I am not to pray with the attitude of one who thinks herself in a superior position. Remembering that the Church is a hospital for the sick, I must always be mindful of the meaning of my membership. To remember others prayerfully, to ask God to send them the grace to find their way, is to ask that they come to know the healing that I myself am still experiencing.

My friend in heaven, St. Thérèse of Lisieux, gives me great inspiration and encouragement in bringing souls to Christ. While prayer may be the words I say, she also reminds me that every little sacrifice or suffering becomes a prayer when embraced out of love. She brought many to God in this manner, her “little way”, without ever stepping outside of her convent.

In many other wordless ways the Spirit instructs. For much of what we are to do is wordless. It is not that words are of no value but rather that love speaks much more clearly and to the heart.

If I tell someone what brings me joy and peace, it will mean little to them. If I tell them that I have a faith based on love, it will count for nothing. But if they observe me living a deeply peaceful life of joy they will wonder. If they feel loved by me in way that makes no sense to them, they will want to know where this comes from.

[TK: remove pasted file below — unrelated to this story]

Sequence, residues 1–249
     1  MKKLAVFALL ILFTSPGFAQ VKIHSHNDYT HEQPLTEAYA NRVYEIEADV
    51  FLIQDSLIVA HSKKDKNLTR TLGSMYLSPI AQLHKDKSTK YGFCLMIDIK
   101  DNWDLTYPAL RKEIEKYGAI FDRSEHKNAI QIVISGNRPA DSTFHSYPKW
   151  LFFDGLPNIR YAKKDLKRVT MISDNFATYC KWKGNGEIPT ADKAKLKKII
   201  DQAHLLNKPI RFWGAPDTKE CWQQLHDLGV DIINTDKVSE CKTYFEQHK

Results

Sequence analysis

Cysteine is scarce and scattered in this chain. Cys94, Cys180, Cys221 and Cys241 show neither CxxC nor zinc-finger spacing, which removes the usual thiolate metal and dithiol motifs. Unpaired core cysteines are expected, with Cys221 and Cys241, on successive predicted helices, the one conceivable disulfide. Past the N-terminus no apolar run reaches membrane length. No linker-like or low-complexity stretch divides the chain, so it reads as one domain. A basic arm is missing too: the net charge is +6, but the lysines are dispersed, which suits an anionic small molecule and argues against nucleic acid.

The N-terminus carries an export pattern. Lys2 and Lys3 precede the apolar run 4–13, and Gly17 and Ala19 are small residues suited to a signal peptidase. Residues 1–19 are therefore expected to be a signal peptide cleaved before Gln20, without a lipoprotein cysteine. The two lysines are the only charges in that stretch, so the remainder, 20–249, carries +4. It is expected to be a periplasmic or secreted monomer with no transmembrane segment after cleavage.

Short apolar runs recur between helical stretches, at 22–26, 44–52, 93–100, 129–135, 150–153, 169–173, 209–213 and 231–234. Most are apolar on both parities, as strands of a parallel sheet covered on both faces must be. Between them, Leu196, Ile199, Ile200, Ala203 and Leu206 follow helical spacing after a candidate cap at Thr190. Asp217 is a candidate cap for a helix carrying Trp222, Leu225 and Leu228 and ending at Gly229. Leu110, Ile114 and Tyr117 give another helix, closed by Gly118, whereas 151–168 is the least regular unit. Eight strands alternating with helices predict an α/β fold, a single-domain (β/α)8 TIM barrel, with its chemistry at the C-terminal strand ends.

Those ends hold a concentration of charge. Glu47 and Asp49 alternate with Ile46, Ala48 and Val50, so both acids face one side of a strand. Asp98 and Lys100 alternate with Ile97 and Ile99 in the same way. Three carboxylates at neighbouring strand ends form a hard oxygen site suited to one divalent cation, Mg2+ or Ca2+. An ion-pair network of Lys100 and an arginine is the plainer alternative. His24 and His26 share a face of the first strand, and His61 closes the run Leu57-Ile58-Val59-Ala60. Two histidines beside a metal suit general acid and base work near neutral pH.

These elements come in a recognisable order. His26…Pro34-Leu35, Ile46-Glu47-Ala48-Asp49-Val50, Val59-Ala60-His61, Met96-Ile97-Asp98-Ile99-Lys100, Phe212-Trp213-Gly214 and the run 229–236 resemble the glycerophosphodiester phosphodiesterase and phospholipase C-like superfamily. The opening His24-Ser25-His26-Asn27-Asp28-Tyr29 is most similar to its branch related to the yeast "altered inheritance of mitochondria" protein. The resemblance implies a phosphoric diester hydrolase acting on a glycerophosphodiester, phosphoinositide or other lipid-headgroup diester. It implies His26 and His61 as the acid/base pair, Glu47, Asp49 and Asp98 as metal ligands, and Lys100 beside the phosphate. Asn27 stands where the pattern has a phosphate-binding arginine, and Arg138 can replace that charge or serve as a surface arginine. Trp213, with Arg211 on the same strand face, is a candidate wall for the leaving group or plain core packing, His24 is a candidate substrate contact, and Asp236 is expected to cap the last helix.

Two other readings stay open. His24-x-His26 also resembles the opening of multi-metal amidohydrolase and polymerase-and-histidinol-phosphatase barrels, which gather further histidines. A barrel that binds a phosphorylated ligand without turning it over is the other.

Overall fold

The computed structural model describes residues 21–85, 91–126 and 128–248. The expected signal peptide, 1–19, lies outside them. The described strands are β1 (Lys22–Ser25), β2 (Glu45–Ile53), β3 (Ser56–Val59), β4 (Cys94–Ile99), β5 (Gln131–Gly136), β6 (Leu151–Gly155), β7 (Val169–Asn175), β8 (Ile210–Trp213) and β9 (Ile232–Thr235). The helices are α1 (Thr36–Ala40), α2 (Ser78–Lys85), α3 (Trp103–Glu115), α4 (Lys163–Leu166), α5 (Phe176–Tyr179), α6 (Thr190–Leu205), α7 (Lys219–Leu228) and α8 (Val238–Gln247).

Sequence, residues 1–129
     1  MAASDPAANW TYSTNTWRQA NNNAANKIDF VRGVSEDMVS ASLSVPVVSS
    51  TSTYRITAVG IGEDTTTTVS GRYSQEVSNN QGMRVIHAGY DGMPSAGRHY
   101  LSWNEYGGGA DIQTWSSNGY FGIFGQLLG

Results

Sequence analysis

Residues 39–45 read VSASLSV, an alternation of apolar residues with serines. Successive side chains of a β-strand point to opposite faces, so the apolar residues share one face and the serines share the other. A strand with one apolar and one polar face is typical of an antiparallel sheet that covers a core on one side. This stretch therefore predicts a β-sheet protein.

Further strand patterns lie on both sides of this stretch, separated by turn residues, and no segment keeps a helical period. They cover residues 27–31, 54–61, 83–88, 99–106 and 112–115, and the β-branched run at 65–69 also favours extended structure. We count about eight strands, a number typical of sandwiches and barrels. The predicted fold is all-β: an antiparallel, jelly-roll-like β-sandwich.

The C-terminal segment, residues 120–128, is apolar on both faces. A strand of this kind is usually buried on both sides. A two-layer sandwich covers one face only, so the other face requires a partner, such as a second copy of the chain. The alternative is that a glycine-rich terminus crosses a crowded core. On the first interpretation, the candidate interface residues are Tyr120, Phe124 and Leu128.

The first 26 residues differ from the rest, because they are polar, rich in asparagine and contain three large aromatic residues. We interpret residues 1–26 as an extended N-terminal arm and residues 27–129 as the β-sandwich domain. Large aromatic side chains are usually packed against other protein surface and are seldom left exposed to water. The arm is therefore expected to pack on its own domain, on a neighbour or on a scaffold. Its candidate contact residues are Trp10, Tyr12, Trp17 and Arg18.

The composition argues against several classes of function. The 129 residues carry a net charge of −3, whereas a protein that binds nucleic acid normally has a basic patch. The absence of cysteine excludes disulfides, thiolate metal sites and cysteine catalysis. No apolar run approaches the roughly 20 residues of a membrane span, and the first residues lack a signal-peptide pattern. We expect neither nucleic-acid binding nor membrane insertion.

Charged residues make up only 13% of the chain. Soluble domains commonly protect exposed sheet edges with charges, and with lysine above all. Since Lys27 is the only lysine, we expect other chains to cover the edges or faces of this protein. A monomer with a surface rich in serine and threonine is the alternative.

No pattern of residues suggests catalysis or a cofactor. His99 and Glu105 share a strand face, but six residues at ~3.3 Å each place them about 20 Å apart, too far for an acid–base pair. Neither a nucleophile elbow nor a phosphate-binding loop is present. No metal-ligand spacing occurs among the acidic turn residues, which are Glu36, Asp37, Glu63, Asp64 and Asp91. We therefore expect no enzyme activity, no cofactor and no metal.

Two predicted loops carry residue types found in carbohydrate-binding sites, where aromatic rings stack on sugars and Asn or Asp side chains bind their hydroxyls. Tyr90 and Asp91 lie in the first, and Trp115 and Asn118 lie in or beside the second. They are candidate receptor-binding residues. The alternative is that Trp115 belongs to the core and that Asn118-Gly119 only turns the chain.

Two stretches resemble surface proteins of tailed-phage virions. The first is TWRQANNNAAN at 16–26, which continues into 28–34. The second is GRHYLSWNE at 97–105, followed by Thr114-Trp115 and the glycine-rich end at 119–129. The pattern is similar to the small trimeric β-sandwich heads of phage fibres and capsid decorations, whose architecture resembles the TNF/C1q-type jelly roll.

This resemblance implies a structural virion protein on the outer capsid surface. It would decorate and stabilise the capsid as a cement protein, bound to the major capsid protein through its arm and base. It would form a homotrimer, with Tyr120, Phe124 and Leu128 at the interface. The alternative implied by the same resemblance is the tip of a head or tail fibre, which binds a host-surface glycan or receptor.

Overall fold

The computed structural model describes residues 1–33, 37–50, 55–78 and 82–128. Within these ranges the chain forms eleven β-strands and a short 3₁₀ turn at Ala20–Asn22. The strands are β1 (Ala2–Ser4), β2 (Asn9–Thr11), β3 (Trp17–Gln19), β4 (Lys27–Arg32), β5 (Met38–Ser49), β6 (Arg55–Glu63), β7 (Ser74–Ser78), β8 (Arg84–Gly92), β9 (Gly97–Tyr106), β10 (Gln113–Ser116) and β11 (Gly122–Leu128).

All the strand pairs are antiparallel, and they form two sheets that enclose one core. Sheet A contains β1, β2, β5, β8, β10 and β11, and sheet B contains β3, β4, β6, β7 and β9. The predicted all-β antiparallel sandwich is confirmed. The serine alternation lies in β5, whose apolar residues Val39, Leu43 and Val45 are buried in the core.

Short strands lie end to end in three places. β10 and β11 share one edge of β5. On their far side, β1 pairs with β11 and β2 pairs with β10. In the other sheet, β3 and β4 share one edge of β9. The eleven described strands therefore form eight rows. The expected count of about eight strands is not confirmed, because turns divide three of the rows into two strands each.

They will want more of this experience. They will want to know more about the Body that lives this way. They will want to become part of that Body.

A beloved patient of mine, now deceased, used to say, I want what you have. She struggled mightily over faith – but I believe she now has what I have and more. Much more.